January 14, 2019 • Life for Leaders
As the Philistine moved closer to attack him, David ran quickly toward the battle line to meet him. Reaching into his bag and taking out a stone, he slung it and struck the Philistine on the forehead.
Marketplace leaders are judged by their goals, friends, actions, and—ultimately—authenticity.
Goals. Most leadership begins as inspiration . . . so what are you (and your team) aiming at? If you’re not aiming too high—both at work and as a disciple—you might be missing out.
It’s common in the business world to hear about aiming high. Usually that’s just another way of saying we should keep moving ahead, setting goals for ourselves and then meeting those goals. However, rarely does aiming high involve a significant risk. Instead, it tends to be incremental. It’s like looking at the top of a staircase and saying you’re “aiming high”—then getting there one step at a time.
But here’s a story from scripture that puts “aim high” in a new light. David, back when he was a skinny little shepherd, literally aimed high . . . all the way up at Goliath’s forehead, which probably towered high enough to blot out the sun.
David didn’t have an incremental way to approach the battle. If he didn’t kill Goliath, Goliath was going to kill him. So rather than attacking one step at a time, David took aim at the giant’s weakness—his forehead—and then acted decisively. And it worked perfectly. Goliath was killed, and God’s people carried the day against all odds.
So perhaps we’ve learned the wrong lesson from the David and Goliath story. Or rather, a lesser lesson. Have you ever achieved 100 percent of what you attempted as a leader? Your failure to do that doesn’t mean you should attempt less however—it means you should attempt more! Inspire your team to aim higher . . . and you might just find yourselves slaying giants you thought would be invincible.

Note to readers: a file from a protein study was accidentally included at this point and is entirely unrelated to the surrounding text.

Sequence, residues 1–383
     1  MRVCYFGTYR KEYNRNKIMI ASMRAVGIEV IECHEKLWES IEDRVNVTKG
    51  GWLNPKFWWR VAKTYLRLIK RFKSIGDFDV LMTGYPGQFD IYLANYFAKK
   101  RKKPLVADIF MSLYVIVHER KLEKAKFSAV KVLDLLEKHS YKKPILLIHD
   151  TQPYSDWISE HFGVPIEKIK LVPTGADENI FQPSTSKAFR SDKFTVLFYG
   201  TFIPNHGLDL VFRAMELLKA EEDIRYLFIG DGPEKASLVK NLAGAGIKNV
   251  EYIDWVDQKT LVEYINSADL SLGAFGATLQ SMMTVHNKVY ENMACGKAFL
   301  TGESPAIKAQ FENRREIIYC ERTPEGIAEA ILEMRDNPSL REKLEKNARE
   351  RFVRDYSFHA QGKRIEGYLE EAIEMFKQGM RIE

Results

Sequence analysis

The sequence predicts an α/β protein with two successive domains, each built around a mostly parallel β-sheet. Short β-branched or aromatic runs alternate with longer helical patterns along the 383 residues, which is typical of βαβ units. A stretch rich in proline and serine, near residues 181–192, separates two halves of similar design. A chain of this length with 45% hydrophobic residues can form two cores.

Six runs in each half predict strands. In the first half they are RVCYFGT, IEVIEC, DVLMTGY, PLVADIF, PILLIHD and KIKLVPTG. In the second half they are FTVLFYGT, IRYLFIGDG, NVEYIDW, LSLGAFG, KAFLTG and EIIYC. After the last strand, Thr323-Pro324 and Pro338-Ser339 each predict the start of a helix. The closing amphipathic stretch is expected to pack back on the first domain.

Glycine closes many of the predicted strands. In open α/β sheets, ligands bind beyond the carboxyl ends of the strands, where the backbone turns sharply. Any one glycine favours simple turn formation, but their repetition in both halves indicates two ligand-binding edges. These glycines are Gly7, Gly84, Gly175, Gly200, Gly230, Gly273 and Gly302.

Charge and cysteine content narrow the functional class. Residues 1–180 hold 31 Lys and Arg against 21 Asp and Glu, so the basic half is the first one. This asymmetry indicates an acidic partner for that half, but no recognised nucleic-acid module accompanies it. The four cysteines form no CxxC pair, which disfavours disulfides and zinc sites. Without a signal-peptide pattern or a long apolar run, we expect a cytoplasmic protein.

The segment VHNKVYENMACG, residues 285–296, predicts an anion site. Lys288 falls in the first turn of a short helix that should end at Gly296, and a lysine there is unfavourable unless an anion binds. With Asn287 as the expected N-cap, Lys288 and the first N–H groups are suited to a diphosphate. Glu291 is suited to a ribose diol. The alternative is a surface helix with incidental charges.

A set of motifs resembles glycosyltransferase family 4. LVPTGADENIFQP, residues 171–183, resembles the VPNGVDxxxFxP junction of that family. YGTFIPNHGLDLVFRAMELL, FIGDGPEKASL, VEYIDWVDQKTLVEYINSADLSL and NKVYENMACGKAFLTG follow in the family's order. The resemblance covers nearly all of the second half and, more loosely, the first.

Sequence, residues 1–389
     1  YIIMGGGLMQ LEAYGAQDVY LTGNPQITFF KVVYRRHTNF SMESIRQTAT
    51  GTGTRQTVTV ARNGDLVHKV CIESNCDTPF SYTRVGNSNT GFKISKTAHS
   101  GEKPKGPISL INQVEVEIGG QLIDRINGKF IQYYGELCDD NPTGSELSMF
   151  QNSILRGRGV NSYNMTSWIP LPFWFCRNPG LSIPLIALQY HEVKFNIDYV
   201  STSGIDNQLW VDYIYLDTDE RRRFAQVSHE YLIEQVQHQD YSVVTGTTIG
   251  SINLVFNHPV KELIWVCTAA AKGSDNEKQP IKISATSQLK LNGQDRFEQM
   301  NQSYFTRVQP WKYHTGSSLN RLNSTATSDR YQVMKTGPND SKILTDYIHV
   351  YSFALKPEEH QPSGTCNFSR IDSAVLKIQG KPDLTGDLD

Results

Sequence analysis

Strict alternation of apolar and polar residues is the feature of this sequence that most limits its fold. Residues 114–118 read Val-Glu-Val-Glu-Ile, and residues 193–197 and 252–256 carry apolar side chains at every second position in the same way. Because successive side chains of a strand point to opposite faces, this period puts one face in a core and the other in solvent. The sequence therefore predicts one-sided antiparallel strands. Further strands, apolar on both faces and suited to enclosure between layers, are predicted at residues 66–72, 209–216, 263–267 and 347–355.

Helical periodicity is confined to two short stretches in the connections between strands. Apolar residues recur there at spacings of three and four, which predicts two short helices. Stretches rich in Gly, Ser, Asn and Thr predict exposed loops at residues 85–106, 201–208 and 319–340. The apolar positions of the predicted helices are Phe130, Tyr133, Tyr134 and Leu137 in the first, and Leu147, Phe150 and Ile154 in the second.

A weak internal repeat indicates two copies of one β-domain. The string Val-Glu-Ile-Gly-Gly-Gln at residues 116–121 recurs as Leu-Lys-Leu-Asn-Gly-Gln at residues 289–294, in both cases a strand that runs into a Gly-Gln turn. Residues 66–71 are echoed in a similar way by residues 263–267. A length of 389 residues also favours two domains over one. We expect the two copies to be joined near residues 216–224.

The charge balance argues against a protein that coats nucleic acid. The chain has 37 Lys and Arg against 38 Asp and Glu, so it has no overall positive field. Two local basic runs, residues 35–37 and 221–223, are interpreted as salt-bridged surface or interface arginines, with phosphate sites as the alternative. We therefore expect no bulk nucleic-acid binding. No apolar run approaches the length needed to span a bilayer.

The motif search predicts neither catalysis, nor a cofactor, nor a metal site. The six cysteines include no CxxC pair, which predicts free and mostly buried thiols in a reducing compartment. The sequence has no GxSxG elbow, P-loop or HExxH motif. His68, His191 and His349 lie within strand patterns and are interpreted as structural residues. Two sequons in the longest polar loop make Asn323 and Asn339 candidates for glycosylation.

Something to Think About:
Do you sometimes assume you are an underdog when in fact you are favored to win?
Do you too often believe “aim high” means proceeding one step at a time, instead of truly going for it?
Pray and ask God to show you if there are areas in your life where you need to aim higher. Pray for the discernment to know when to aim high and for the courage to follow through . . . even if it seems like you are going up against a giant.
I hope you’ve enjoyed thinking about how scripture informs your goals, friends, actions, and authenticity as a leader. Let me know how it goes for you—seriously! I’d enjoy hearing from you at firstname.lastname@example.org.
Thanks for reading. Now keep leading.
Portions of this series were adapted from Roy’s book Salvaged: Leadership Lessons Pulled From the Junkyard, Copyright @ 2019, used by permission of NavPress. All rights reserved.
Explore more at the Theology of Work Project online commentary:
David’s rise to power (1 Samuel 17-30)
Roy Goble grew up working in his father’s junkyard, where he learned to take apart absolutely anything and to evaluate everything for the value of its parts. After studying economics and business at Westmont College, and marrying his high school sweetheart, D’Aun, he joined his family’s growing real estate business. As the business flourished, he experienced the complexity of creating wealth while following Jesus. He began to wrestle with what he knew about business and what Jesus was calling him to be and do, beginning a decades-long quest for a way to understand his place in God’s kingdom and in a global society.
Click here to view Roy’s profile.